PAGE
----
AHRC Research Network on the Presidency of Barack Obama
The Organising Committee (Prof. Inderjeet Parmar, Prof. Kevern Verney, and Dr. Mark Ledwidge) are delighted to announce the formation of an AHRC-funded Research Network on the presidency of Barack Obama, the first African-American president of the United States.
The 'AHRC Obama Research Network', which is composed of several partner institutions, aims to bring together scholars, students and practitioners to examine the issues raised by this development, to build a durable research network, and to publish the results.
We plan to organise several symposia and seminars from January 2011 to the end of 2012, straight after the next presidential election. Events are scheduled to be held at the universities of Edge Hill, Warwick, and Manchester, at the Rothermere American Institute at the University of Oxford, at the London School of Economics, the Eccles Centre at the British Library, and at the Roosevelt Study Center, Middelburg. Although our principal foci are Obama and Racial Politics; Foreign Policy and Wars; and Economic Crisis, we will also be considering domestic and national security politics more generally and in their historical context.
The Obama Phenomenon
A commonly-accepted matter now, but the election of Barack Obama in November 2008 will rightly remain a key moment in the history of the United States. It attracted enormous popular and scholarly interest not just in America but around the world. The inspirational ideas and rhetoric of the Obama campaign generated high expectations of change. Euphoric supporters believed that his election would bring an end to the discredited, unpopular, policies of the Republican administration of George W. Bush. At the same time Obama promised to break down traditional party lines bringing together members of both major political parties, Republicans and Democrats, in support of a new bipartisan political agenda.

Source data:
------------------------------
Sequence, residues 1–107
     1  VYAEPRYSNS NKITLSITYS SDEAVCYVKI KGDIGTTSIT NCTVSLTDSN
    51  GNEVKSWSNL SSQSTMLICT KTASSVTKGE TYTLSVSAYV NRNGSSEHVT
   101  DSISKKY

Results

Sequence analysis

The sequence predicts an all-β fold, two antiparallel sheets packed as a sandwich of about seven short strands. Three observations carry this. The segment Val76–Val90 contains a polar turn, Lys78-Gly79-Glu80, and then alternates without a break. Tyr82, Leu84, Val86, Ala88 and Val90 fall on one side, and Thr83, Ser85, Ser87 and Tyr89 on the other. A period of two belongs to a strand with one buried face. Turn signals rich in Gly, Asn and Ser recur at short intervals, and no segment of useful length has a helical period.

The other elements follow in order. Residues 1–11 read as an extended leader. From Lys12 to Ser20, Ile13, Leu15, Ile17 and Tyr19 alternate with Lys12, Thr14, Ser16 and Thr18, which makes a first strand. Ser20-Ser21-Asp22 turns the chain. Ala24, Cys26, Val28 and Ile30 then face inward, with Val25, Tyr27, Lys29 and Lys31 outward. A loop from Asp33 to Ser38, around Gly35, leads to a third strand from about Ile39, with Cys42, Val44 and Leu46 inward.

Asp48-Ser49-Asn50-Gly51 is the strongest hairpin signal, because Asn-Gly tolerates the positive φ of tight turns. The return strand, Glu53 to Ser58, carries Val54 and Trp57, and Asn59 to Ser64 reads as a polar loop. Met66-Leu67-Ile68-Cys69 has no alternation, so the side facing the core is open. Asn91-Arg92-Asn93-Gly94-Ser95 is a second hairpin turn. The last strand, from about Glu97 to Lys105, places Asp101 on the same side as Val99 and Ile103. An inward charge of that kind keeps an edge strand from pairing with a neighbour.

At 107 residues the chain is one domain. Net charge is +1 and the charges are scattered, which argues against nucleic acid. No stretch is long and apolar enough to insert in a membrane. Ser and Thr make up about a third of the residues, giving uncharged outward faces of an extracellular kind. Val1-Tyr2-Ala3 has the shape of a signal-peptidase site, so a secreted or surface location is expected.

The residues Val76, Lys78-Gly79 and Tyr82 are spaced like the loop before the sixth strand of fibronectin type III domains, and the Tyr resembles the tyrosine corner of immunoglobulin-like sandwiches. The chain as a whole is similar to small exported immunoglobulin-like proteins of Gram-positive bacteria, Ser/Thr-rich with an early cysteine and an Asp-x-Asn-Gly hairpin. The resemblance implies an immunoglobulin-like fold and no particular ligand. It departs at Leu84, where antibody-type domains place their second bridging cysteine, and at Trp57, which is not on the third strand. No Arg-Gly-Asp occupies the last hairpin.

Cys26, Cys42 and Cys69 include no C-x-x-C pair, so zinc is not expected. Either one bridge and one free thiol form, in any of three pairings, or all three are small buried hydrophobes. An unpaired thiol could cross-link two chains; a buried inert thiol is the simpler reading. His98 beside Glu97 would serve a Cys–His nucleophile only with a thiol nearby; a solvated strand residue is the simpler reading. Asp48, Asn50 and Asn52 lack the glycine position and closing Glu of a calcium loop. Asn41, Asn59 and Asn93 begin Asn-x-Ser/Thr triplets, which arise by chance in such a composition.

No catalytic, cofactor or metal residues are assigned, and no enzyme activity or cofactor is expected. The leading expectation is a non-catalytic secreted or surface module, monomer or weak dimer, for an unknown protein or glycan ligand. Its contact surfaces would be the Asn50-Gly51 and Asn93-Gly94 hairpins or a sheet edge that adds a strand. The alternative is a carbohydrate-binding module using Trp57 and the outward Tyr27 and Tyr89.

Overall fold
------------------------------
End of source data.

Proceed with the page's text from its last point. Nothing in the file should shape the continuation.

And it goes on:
On the international stage the 2009 award of the Nobel Peace Prize to the new President reinforced the hope that his administration would mark the start of a more enlightened era in American foreign relations. In particular that American diplomacy would place greater emphasis on 'soft power', the use of persuasion and positive incentives to achieve U.S objectives, combined with more sensitivity to the views of others, as opposed to over-reliance on 'hard power', embodied in hard-line rhetoric, the threat of sanctions and the use of military force. Moreover, Obama's own life experience encouraged the belief that, more than any of his predecessors in the White House, he would be able to empathize with the fears and hopes of Muslim and 'Third World' nations.
In sharp contrast to such high expectations the political realities confronting the new President could hardly have been more discouraging. From the outset his administration faced unprecedented domestic and foreign policy challenges, including the worst national and international economic crisis since the 1930s and involvement in two costly unresolved foreign wars, in Iraq and Afghanistan. The victory of Obama notwithstanding, race remained a divisive issue in society with African Americans and other ethnic minority groups continuing to suffer acute socio-economic deprivation, high crime levels and racial prejudice.